Karukoski’s point of view runs in stark contrast to the approach taken by the filmmakers behind a spat of recent “authorized” biopics, particularly those focusing on bands and musicians. On a number of different occasions those movies, which purport to offer behind-the-scenes “real” stories of how artists rose to fame or bands went through the years of paying their dues before becoming worldwide phenomena, not only have the blessing of the people being portrayed but their active involvement as well.

Consider the three following examples:

  • Bohemian Rhapsody has been in the works for a number of years, with the surviving members of the band Queen shepherding the project along. Their involvement and the desire for it to be a glossy history of the band and not one the delved too deeply into the troubles it had or lead singer Freddie Mercury’s sexuality kept it from moving forward for a long while, at one point leading to Sacha Baron Cohen dropping out due to “creative differences.”
  • The Dirt covers the early years of Motley Crue and adapts the book of the same name that was written with the band’s involvement. As the movie was nearing release, band members gave it their endorsement by appearing at numerous publicity events and promoting it on their social media channels.
  • Rocketman, which tells the story of the rise of Elton John from obscure club musician to international superstar, has received his approval at every step. He’s been interviewed about it and is quoted in stories often, emphasizing how true to reality the story is. John’s husband serves as a producer on the movie as well.

The verdict on Rocketman is still out, but if it follows the pattern established by the first two it’s easy to understand why John would want to not only get his story out there but do so in a way that he had some measure of control over.

the dirt pic

Bohemian Rhapsody was criticized for glossing over Mercury’s personal life and playing up the involvement of the rest of the band, but sales and streaming of their music increased dramatically and Queen launched a new tour to take advantage of the attention being turned their way. So too Motley Crue’s music became more popular than it had been in a long while despite pushback on the movie, which many pointed out conveniently overlooks allegations of serious sexual misconduct and other problems.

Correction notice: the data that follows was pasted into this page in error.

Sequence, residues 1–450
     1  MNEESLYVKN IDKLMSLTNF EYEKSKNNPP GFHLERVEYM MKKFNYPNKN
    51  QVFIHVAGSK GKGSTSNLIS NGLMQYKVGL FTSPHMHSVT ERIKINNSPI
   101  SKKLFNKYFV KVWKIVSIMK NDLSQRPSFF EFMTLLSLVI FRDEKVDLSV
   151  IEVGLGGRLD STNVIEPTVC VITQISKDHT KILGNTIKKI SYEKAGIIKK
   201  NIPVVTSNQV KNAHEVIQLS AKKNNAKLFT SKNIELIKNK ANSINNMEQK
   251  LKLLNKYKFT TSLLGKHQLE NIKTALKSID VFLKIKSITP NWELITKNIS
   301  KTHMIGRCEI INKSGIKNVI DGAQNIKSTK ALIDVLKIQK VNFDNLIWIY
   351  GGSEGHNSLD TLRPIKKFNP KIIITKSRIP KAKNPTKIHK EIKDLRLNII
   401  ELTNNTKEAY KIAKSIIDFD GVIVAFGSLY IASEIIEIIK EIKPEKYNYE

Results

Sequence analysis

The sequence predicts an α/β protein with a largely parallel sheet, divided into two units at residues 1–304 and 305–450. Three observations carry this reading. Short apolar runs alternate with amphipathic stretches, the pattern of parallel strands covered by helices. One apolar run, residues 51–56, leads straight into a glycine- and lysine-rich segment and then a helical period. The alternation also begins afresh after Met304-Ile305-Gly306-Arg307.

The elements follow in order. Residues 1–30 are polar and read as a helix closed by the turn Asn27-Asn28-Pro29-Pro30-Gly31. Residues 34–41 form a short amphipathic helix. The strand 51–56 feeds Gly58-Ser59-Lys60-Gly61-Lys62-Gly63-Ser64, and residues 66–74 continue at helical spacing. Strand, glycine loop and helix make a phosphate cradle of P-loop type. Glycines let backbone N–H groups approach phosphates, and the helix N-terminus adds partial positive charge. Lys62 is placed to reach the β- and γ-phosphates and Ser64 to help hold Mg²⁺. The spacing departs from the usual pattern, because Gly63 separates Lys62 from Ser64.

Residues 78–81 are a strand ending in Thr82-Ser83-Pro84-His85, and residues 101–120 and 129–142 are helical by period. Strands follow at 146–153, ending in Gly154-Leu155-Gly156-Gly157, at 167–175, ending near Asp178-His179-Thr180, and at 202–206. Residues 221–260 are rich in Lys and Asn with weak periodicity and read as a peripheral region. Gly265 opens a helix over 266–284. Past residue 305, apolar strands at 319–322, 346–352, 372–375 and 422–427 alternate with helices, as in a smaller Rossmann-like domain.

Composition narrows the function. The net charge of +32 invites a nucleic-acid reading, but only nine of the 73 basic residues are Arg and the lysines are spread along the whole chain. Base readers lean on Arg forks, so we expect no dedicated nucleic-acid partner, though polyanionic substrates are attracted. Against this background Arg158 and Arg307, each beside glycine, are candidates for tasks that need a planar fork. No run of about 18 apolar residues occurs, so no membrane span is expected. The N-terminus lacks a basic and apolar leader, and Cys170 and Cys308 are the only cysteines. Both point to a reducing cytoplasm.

These movies have become marketing platforms for classic rocks acts who need a shot in the arm that’s less damaging to their livers and kidneys than the shots in the arm they enjoyed in their heydays. While “classic rock” is still prevalent on the radio in many markets, it’s not as popular as it once was as it fades further into history. Stations find more success playing soft rock hits from the last few decades or Top 40 hits. There are still fans, of course, but as Boomers age and Gen X (which invented the category, thank you very much) get older and are less attractive to advertisers, stations that once specialized in classic rock are going under much like Chicago’s 97.9 WLUP, which folded last year when it was sold to Christian rock syndicator KLOVE.

Getting a movie out there brings these acts and artists back into the conversation. As mentioned, Queen launched a new tour with Adam Lambert taking on vocal duties. Rocketman arrives between legs of John’s “Farewell Yellow Brick Road” tour, touted as the singer’s final big outing before he joins the ranks of singers like Neil Diamond, Paul Simon and others that have hung up their touring equipment because life on the road in their 60s and 70s is very different than it was in their 20s and 30s.

rocketman pic

The difference between how the subjects are producing and developing these authorized biopics and how Tolkien, like many recent movies about famous authors, is unauthorized is that the former have something to sell while those late authors don’t. That’s even the case with an upcoming movie like Judy, a case where the family of the late Judy Garland has disavowed the project entirely. Garland doesn’t have any new music to promote or an active touring career to support, nor does Tolkien have any new books hitting shelves. So their estates and families have moved into “protection” mode to safeguard the reputations of their famous ancestors instead of actively developing new projects that draw attention to new offerings.

The movies are, in essence, a form of owned content marketing.

These certainly aren’t the first movies being used in this manner – all those films based on comic/video game/other properties do the same thing – but it’s still somewhat surprising to see it happening this blatantly. The reputations and stories of those in the movies are being burnished by the subjects themselves or those with an active monetary interest in doing so. It’s not so different from what authorized biographies and autobiographies have always done, but having it happen on film is still a bit disconcerting, especially with a cluster of examples like this.

It’s not hard to imagine more projects along these lines coming soon. The success of Bohemian Rhapsody and even the two Mamma Mia! films shows there are plenty of people who want to see their favorite sing-along rock hits on screen, so more artists and bands could jump aboard before this particular train runs out of steam.